By Jennie Lusk
Suppose New Mexico voters pass a constitutional amendment supporting a salary for the state’s 112 legislators. Suppose we have plenty of money to add them to the state payroll (which seems likely; see https://nmlegis.gov/Handouts/ALFC%20082421%20Item%2012%20General%20Fund%20Consensus%20Revenue%20Estimate.pdf). Are we, then, done with the issue of compensating legislators? Not really. The devil’s in the details, even after passage of a constitutional amendment that, in principle, authorizes salaries.
After passing such a constitutional amendment, legislators still need to amend current laws that establish policy on how a paid legislature operates, even if the State Ethics Commission recommends how to do it. Among other things, they’ll need to generally agree whether to establish legislators as full- or part-time and how much to pay them. Details of methods and foundations for policy decisions are surveyed here.
Creating a paid third branch of government as powerful as the executive and judicial branches is a big task, but one well worth pursuing. Fully functional state governments compensate lawmakers on a par with their judicial and executive branch colleagues. In keeping with the recommendations of Rutgers political scientist Alan Rosenthal, a wave of 35 states began in the 1960s to establish salaries for lawmakers, and such salaries have increased from an average of $4,000 per year to $40,000 per year by 2021. An increase in racial, gender, and ethnic diversity has followed these increases in compensation, though most state legislatures are still dominated by white male baby boomers. For more information, visit https://www.ncsl.org/research/about-state-legislatures/who-s-the-average-state-legislator-depends-on-your-state-magazine2020.aspx.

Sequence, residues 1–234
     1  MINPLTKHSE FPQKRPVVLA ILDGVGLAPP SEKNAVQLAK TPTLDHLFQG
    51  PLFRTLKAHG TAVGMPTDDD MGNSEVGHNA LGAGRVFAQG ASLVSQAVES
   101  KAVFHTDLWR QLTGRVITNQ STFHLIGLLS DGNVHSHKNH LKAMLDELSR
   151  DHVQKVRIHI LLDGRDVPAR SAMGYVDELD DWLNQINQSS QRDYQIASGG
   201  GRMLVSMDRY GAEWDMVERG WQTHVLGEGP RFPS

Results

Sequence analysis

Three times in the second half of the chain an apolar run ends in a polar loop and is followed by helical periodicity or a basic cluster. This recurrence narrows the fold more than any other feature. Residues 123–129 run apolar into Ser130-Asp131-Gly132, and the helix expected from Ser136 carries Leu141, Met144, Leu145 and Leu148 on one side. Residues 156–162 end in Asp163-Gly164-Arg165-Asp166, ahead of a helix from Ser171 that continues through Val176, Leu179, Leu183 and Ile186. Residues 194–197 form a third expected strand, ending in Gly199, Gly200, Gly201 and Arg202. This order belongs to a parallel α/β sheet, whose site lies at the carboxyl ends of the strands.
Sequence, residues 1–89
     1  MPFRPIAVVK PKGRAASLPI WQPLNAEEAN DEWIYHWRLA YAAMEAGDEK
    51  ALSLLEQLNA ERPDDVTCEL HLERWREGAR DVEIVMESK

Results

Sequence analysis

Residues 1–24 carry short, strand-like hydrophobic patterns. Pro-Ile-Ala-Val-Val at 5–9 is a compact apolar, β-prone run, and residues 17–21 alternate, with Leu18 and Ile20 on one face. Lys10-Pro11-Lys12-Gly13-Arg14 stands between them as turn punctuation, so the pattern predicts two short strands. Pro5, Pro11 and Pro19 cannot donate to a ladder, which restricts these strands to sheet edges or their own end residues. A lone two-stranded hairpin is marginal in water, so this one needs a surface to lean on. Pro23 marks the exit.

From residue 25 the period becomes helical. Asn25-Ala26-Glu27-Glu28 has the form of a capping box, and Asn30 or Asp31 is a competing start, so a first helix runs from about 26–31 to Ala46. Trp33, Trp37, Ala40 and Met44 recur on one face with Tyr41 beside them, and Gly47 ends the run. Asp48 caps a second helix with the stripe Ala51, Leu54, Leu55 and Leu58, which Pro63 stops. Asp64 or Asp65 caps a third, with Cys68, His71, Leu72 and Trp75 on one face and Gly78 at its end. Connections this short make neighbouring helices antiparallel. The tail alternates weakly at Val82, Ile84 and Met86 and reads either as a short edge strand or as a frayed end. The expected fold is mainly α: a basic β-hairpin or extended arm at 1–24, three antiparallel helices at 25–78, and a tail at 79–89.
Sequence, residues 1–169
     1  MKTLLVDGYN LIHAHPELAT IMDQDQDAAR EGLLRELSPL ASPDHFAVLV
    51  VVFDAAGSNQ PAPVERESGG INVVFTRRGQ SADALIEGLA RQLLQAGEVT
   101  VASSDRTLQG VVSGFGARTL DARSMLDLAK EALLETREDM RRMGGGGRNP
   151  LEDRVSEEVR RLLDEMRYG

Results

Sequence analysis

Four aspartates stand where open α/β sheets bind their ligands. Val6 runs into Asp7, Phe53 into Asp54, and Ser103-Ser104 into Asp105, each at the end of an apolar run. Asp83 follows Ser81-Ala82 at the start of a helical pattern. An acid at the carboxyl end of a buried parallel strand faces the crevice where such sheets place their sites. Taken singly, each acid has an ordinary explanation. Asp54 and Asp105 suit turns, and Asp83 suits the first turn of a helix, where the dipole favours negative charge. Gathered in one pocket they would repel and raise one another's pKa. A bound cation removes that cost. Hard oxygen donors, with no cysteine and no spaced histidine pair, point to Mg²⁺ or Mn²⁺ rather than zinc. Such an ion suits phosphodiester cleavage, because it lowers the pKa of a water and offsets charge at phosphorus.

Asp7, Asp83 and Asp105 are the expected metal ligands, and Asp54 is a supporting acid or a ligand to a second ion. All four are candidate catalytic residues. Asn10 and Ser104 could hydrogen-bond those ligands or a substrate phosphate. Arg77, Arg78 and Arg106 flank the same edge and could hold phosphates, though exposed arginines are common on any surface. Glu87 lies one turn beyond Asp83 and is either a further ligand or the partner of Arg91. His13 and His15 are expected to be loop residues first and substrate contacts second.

Consituents might consider salary options for their elected officials according to two baseline decisions:
What will we pay legislators to do?
The basic functions of the legislative branch are to create law and policies, serve constituents, and check the power of the other branches of government. In New Mexico, lawmakers attend a 60-day session one year and a 30-day session the next, attend regular meetings of interim committees from May through at least November, show up for special or extraordinary sessions when called upon, and respond to constituent needs–while also having to find ways to finance their next election. Paying a salary will recognize the work New Mexico lawmakers already do.
How much should we pay them?
Only the most populous states in the country pay their legislators a full-time salary, meet year-round, and provide individual lawmakers their own staff support. The best-paid legislators–in California, New York, Pennsylvania, Michigan, and Massachusetts–work full-time and have staff. In the next tier are 26 states where legislators work approximately 2/3 of a full-time job, have some support staff, and earn a reasonable salary–but one usually too small for sole source of income. Citizen legislatures of the smallest states in population pay legislators a low salary for the equivalent of a half-time job and rarely provide support staff. (For 2021 legislator compensation rates, take a look at the latest figures.) In 19 states, a lawmaker’s salary is set by a commission, in others by reference to other state employee raises, and in only a few, by legislators themselves.
Taking the first step toward providing a living wage to New Mexico legislators is a major, worthwhile step forward, and Democrats should unite behind passage of a constitutional amendment that makes our legislature more functional, efficient, and diverse.This is so, even if devilish details remain to be decided in the session following passage of the amendment.